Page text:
Angelfish Gets CT Scan

Lisa Selvaggio
by Lisa Selvaggio

Most people probably assume that it wouldn’t be possible to have a fish undergo a CT scan, but that’s exactly what happened to a fish at Denver Zoo.

Peter Leahy/Shutterstock

A blue and yellow French angelfish wasn’t swimming normally, and when animal care specialists noticed the behavior, they quickly took action. The Denver Zoo has a hospital on-site – the Helen and Arthur E. Johnson Animal Hospital – where they’re able to perform CT scans and ultrasounds, so they got to work on examining what was going on inside the beautiful fish to figure out what was causing it to swim with a tilt.

An Ultrasound and a CT Scan To Help a Fish

To conduct the ultrasound, the veterinary team kept the sedated fish in some water, and took steps to ensure its safety while being handled. When the ultrasound images showed abnormalities, they wanted to investigate further with a CT machine.

The colorful angelfish only measures about seven inches, so the team had to be strategic to scan it using a machine that’s typically used for much larger land animals. While the fish was sedated, they were able to place it on a sponge in a plastic container to keep its body upright. And, to prevent the angelfish from suffocating, they kept pouring water over its gills during the procedure.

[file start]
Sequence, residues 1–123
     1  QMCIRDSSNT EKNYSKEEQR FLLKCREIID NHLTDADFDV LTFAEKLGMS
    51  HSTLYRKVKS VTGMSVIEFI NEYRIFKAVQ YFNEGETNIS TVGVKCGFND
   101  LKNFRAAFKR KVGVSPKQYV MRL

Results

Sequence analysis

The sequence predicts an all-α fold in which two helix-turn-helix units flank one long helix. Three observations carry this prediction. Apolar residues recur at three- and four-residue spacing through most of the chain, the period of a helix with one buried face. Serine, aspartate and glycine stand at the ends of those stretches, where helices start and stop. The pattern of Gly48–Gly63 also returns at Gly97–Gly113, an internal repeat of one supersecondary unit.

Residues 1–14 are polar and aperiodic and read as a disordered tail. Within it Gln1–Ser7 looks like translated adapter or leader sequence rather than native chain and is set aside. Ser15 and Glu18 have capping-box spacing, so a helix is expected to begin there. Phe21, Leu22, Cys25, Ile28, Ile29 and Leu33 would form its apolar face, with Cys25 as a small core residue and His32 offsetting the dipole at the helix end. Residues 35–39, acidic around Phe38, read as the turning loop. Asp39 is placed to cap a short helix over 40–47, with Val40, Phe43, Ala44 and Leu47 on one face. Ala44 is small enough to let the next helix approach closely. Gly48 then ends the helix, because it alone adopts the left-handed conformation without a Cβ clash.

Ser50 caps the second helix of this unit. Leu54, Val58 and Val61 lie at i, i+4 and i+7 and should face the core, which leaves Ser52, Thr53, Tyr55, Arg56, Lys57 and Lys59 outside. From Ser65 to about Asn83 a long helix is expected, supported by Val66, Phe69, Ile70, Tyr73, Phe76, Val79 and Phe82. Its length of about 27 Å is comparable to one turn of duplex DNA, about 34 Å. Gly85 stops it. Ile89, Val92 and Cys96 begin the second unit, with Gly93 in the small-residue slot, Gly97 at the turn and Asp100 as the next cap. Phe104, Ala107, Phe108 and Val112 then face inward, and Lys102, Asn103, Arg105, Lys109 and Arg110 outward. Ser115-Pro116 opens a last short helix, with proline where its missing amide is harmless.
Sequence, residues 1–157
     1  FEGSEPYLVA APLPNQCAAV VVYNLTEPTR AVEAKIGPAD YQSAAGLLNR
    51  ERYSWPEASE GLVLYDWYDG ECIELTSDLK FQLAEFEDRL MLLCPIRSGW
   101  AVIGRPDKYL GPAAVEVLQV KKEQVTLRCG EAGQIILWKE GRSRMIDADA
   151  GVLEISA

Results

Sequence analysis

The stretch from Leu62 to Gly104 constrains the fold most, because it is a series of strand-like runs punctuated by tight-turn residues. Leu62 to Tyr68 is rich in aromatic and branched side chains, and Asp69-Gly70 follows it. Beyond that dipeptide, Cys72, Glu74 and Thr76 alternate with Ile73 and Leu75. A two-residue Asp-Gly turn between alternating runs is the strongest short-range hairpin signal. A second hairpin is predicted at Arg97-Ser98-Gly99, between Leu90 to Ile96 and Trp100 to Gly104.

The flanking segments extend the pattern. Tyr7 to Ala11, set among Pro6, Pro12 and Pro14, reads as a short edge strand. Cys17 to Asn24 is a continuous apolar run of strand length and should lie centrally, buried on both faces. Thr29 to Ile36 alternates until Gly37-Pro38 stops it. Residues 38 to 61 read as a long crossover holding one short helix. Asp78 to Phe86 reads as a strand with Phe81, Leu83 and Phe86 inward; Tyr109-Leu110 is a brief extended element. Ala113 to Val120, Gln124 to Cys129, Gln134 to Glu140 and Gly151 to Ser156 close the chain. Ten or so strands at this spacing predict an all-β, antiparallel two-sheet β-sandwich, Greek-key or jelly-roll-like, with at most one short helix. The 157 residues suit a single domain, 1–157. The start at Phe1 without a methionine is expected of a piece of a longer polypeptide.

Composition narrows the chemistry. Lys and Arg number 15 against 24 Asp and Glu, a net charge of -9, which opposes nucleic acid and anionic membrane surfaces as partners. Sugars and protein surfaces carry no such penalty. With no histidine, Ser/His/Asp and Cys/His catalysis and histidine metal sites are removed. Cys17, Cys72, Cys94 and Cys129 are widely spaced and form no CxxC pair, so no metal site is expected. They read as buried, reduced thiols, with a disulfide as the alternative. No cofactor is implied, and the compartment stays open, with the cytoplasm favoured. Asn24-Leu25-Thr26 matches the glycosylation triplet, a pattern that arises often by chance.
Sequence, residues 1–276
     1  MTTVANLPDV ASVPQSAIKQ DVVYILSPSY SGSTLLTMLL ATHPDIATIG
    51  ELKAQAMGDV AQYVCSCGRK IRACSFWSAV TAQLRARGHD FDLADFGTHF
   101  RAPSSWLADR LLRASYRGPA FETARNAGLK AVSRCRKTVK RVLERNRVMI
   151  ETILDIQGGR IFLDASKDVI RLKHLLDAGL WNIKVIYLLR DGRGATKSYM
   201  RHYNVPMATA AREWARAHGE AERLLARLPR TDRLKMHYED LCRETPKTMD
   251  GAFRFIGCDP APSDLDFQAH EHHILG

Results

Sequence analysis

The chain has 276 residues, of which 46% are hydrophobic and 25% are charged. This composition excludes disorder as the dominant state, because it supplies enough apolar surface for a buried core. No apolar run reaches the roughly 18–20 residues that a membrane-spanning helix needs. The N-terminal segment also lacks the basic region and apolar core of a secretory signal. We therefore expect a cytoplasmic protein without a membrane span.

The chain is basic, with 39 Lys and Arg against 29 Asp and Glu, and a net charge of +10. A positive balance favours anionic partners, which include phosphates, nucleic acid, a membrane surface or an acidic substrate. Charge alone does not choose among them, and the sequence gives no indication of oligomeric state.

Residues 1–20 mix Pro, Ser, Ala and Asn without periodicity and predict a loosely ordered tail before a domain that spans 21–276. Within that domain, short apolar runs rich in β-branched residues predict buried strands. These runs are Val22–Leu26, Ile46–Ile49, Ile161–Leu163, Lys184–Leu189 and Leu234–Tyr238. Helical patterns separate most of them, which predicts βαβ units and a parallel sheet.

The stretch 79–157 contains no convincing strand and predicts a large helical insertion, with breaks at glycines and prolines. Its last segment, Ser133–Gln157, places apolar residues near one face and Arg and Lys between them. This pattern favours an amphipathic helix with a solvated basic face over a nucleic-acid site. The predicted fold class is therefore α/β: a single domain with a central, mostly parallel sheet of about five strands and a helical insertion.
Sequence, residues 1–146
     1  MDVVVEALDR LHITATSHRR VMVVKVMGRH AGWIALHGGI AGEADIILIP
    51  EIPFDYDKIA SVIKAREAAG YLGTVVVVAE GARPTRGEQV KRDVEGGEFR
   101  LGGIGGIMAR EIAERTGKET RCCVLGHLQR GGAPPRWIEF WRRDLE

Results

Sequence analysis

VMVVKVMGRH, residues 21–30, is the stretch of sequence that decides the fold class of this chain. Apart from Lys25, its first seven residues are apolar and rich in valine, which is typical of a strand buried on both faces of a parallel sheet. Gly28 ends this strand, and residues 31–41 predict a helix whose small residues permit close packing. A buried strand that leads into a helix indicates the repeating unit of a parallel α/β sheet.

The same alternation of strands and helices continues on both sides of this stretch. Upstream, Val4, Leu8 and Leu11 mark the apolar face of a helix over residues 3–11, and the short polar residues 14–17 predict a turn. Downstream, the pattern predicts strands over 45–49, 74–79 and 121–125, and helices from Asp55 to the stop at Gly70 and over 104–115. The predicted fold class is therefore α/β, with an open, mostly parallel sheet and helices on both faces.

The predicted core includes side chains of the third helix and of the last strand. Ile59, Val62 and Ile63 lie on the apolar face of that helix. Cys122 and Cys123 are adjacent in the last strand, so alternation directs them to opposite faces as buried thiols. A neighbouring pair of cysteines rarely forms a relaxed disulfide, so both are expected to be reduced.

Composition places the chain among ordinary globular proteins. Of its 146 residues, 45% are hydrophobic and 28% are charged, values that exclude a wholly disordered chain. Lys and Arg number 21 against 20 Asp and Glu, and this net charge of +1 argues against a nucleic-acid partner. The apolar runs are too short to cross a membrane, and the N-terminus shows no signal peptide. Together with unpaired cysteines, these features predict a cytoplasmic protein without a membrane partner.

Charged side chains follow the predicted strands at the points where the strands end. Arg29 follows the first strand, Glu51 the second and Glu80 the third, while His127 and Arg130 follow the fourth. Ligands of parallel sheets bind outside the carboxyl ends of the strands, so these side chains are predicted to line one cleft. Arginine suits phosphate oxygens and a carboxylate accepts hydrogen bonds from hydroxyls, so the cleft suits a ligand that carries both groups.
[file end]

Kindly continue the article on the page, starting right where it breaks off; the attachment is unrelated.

The zoo shared images of the angelfish getting the ultrasound and CT scan, as well as images captured by the scan. You can check them out by visiting Denver Zoo’s Instagram post and Facebook post.

The Diagnosis and the Treatment

Thanks to the CT scan, the experts were able to conclude that the fish was suffering from inflamed intestines, a condition known as enteritis. This caused it to develop too much gas that then impacted its buoyancy, causing it to swim abnormally.

The good news is that the fish was able to be treated, and the solution was antibiotics. Before long, it recovered and started swimming normally again, so the zoo staff placed it back in its home in the zoo’s Tropical Discovery building, which houses fish, amphibians, reptiles, and other amazing animals.

Watch this video to learn more about this story:

Lisa Selvaggio
Lisa Selvaggio

Lisa Selvaggio is a freelance writer and editor, and our resident cats-pert, with certifications in pet nutrition and pet first aid. She enjoys producing content that helps people understand animals better so they can give their pets a safe and happy home.

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